There is an adage that breakfast is the most important meal of the day, yet 20% to 30% of children and adolescents, for various reasons, miss breakfast. This can affect cognitive and academic performance. A systematic review by researchers from the UK confirms breakfast is indeed important for cognitive performance, but they report that the jury is still out as to exactly which foods give students the best boost for their brain.

Dr. Katie Adolphus and colleagues from the Human Appetite Research Unit at the School of Psychology at the University of Leeds conducted a review of studies in the medical literature to determine what the evidence is when it comes to breakfast and cognition in children and adolescents. The study was published in the journal Advances in Nutrition.

The review highlights the cognitive domains that are potentially more sensitive to the effects of eating breakfast. A total of 45 studies were included, most of which investigated the effect of a single breakfast on cognition over a short period of time (an ‘acute’ effect) within about four hours of eating. Close to half the studies compared students who had breakfast to those who had no breakfast, while some compared cognitive measures in students by the type of breakfast they ate.

“Children have a higher brain glucose metabolism than adults, and so need more ‘fuel’ to feed their brains.”

Studies were included in the review if they were published in peer-reviewed journals; included children or adolescents (aged 4 to 18 years); compared the effects of breakfast compared to no breakfast or different breakfast types or sizes; included objectively measured cognitive performance; and examined acute effects (temporary effects occurring shortly after breakfast consumption), and/or chronic effects (effects occurring after the repeated consumption of breakfast over time).

“Overall, we found that breakfast consumption, relative to fasting, has short-term positive domain-specific effects on cognition. Its effect is especially notable in tasks that require attention, executive function, and memory. These are all facilitated more reliably by breakfast consumption when compared to fasting, with effects more apparent in undernourished children,” Dr. Adolphus said.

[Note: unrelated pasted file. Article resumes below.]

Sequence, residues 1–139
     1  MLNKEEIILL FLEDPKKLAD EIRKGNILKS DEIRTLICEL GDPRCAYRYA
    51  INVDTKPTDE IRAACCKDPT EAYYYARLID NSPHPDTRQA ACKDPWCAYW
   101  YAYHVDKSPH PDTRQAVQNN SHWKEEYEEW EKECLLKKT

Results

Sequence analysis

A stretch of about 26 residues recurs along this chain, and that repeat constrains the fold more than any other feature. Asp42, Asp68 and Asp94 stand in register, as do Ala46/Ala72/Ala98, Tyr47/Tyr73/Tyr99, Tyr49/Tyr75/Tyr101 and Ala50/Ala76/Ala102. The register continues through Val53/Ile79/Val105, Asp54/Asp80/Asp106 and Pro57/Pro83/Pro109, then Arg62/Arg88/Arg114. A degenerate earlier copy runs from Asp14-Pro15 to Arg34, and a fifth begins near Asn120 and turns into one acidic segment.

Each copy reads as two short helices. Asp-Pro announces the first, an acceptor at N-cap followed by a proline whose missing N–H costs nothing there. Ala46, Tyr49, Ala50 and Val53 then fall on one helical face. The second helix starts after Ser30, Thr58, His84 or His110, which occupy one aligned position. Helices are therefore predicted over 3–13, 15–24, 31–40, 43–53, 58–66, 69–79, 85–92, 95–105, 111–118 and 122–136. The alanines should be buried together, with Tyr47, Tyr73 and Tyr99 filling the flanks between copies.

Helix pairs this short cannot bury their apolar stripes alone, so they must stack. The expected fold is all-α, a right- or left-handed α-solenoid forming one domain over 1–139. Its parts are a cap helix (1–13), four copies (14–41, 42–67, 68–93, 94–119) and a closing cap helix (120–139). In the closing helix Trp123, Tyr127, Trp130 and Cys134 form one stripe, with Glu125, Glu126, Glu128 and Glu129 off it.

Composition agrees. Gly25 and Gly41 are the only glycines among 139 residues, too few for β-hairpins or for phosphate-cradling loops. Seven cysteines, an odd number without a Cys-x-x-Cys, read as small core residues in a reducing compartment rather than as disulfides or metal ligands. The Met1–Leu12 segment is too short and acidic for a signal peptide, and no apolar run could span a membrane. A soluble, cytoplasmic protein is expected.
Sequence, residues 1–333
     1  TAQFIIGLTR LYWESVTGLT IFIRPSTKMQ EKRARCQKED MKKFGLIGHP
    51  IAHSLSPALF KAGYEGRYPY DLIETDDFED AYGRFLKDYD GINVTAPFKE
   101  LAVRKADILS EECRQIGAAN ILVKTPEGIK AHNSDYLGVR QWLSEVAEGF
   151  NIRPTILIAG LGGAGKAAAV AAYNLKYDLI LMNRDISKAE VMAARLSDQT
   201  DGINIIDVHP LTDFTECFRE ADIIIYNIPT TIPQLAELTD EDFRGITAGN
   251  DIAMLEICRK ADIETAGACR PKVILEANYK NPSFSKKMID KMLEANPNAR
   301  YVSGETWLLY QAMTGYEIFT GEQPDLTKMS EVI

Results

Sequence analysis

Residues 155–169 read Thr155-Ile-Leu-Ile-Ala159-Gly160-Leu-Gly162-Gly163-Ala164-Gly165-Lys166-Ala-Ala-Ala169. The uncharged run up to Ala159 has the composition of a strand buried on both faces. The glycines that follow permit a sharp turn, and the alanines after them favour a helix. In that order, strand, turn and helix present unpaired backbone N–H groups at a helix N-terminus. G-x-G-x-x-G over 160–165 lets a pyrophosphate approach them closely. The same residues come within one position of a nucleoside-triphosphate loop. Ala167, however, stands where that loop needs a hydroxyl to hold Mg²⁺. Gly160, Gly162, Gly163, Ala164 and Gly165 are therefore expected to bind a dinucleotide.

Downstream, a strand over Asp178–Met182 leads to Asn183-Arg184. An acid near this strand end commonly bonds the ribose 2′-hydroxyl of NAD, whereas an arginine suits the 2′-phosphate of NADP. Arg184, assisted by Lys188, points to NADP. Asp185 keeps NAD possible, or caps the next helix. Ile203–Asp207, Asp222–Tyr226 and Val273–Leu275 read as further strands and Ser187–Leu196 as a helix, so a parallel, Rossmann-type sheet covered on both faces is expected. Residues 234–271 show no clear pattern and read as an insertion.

However, generalizations about which foods are the most helpful for short-term cognitive performance cannot be made, largely because there are too few quality studies specifically comparing breakfast food types, she said. But in studies which compared breakfast type on short-term cognitive performance, a limited number suggested a low-Glycemic Index breakfast tended to be associated with positive effects on attention.

Why breakfast helps the brain

But what makes breakfast so important for children and adolescents? For one, children have a higher brain glucose metabolism than adults, and so need more “fuel” to feed their brains. Plus, children and adolescents need more sleep which means they have longer overnight fasting periods which can deplete glycogen stores overnight.

“In order to maintain this higher metabolic rate, a continuous supply of energy derived from glucose is needed. Hence breakfast consumption may be vital to providing adequate energy for the morning,” she said.

In addition, evidence suggests breakfast consumption is associated with improved subjective feelings of mood and alertness in school children. This means the positive changes in mood, alertness, and motivation after eating breakfast may in turn help cognitive performance by increasing one’s ability to concentrate to perform cognitive tasks. It can influence motivation, too.

We conclude that breakfast is better than skipping breakfast in terms of acute effects on cognition. We just don’t know what type of breakfast in terms of composition is best for cognition from the evidence,” Dr. Adolphus said.

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